Hello again everyone, it’s been several weeks since I posted last, and more because I couldn’t be bothered than anything else – I have actually been doing a lot of stuff! So hold onto your hats, because this is going to be a fairly lengthy post!
Inchcolm Abbey – 9 April 2014
This trip came out of me signing up to Groupon UK on a whim and finding a cruise across the Firth of Forth which sounded mildly interesting until I found out it was the only way to get onto an island which houses the best-preserved collection of medieval monasterial buildings in Scotland, and that I could stop there for free because I am a Historic Scotland member. At that point, the only question was when to go. I organised myself and my Australian friend Mike who you will notice is popping up fairly regularly – we may be the only people we know who are really into going to random places around Scotland on a whim – to catch the boat from South Queensferry, which judging by the Groupon being an Edinburgh location we thought would be in Edinburgh. Technically it is, but it was still a 45-minute bus ride, multiple failed rendezvouses and a short detour through a forest via a Tesco carpark before we actually made it to the port, which was an in an awesome location. Here’s a picture of that:
The cruise itself turned out to be somewhat tedious – lots of talk about the history of the two bridges and how they’re building a third one and it’s way over budget…though that may have been the fact that I was also extremely sleepy and it was warm inside the boat. The views were nice, when I was awake. But either way, it got a whole lot better when we actually arrived at Inchcolm.
Turns out that the island didn’t just house a monastery, it (later of course) also was part of Scotland’s defences against Germany in World War One and World War Two, and a lot of the old fortifications were still standing! Naturally we decided that we should work across the island methodically, and thus began with the gun turrets, tunnels, rock-climbing, bunkers and just millions of terrifying seagulls. Here are some pictures of that.
After clambering around one end of the island for a while, we returned to the centre, where the Abbey was located. I know I already said it was the best-preserved, but it really was. Without any restoration most of it was still standing – including roofs which are hard – and you could climb all over it, which is pretty good for something built 750-850 years ago. There was the usual complement of tiny tiny spiral staircases, enormous great-hall-looking things that turn out to be kitchens, random tombs just slapped on any old how, ludicrously tiny doors, and unexplained pizza-oveny things; all of which made for an exceedingly enjoyable jaunt through history.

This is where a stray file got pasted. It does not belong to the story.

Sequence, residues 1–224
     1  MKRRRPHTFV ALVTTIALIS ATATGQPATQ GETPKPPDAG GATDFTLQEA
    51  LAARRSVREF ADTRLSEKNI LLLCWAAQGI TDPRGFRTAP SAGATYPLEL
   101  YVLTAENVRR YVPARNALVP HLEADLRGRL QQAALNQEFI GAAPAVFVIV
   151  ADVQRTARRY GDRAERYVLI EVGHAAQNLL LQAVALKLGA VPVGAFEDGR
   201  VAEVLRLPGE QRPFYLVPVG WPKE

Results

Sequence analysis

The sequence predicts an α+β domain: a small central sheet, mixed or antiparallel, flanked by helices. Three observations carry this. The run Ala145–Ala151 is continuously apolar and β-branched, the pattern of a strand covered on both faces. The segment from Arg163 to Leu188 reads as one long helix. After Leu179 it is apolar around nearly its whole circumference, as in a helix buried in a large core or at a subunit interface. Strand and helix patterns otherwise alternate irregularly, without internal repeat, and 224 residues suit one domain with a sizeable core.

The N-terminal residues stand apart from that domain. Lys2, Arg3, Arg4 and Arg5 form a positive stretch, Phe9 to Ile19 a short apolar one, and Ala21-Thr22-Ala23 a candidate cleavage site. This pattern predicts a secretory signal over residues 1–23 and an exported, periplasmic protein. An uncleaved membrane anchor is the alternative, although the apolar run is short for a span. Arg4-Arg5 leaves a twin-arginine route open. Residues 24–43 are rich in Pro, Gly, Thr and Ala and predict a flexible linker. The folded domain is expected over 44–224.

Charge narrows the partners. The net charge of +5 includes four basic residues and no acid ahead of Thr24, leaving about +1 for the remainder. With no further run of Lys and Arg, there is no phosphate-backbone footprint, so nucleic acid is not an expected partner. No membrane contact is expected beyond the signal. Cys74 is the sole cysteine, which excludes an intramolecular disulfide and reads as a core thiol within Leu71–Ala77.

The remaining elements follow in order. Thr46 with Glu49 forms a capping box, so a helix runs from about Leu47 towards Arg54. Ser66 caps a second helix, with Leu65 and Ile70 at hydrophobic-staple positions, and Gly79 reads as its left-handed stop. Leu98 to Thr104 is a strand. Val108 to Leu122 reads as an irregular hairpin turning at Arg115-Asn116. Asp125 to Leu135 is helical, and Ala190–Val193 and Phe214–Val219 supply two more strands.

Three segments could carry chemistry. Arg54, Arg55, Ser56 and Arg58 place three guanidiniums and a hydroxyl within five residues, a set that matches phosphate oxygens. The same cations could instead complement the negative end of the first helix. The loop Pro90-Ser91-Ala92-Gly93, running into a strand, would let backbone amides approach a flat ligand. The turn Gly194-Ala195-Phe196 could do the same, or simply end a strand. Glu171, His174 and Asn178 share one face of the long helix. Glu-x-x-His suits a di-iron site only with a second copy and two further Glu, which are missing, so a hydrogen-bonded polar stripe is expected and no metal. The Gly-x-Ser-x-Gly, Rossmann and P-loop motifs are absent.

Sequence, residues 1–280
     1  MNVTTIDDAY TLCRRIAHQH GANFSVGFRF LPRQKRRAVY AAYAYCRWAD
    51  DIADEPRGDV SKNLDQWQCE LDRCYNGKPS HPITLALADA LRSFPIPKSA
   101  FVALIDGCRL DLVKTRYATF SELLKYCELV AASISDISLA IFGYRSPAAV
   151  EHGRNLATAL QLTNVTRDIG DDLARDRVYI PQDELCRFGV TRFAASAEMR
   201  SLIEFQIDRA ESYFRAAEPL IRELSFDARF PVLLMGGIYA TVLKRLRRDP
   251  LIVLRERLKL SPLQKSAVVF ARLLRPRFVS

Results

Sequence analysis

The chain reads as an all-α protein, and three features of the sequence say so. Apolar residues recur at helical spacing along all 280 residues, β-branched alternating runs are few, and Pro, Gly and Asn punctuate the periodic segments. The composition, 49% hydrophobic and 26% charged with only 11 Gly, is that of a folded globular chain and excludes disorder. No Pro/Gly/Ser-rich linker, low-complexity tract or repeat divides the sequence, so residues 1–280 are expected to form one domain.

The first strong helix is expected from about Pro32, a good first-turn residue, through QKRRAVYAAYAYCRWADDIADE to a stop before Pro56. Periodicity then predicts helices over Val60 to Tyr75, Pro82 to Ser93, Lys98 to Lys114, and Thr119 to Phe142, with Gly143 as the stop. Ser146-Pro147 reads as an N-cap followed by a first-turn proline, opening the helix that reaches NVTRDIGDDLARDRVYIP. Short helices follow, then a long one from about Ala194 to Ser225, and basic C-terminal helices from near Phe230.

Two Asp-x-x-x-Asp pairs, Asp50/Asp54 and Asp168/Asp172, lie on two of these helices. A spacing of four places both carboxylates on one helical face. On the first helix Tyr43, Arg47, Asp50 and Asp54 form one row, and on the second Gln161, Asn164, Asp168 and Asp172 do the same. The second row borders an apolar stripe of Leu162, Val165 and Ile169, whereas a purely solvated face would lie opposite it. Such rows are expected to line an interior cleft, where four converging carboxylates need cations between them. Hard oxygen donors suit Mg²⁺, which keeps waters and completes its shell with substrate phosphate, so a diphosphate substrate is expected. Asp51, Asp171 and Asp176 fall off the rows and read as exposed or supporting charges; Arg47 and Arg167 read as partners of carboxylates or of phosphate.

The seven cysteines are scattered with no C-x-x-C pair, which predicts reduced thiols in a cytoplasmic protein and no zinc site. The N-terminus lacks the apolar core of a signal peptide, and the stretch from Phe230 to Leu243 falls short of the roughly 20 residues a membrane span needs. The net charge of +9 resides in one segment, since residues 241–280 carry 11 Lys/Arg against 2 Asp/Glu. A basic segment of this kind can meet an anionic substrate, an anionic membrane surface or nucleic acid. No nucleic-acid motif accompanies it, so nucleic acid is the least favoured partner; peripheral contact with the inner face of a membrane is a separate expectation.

And then, to the other side of the Island, for World War One fortifications (huzzah!). They were mostly just bunkers again, and in worse condition, so we didn’t go around as much. But the birds are worth going back to once more:
So yeah! That was about it. I got a book in the gift shop and then we caught the boat back to South Queensferry and the bus back to Edinburgh. Inchcolm Abbey is definitely worth visiting if you get a chance, but since we paid half price for the boat and didn’t have to pay for entry to the island it’s pretty steep at full price.
National Museum of Scotland – 17 April 2014
This will be quick because the National Museum is much like any other museum – various floors showing various things with instructive labels and hard to navigate. The best bit is the ancient history in the basement, which has loads of Roman and Celtic artefacts including bona fide human skulls found in various cave sites; though I also enjoyed various films scattered throughout, and being able to go up to the roof terrace and have a view out over the city. It is a good museum, don’t get me wrong – one of the better ones, and certainly convenient with culture and science all in one building and lots about Scottish history that you can’t get anywhere else. But really, it’s hard to describe in an interesting way. The photos taken in there were as follows:
So yeah you get the idea 😛
Stirling Castle and Dunblane
My favourite things about this day out of the city 🙂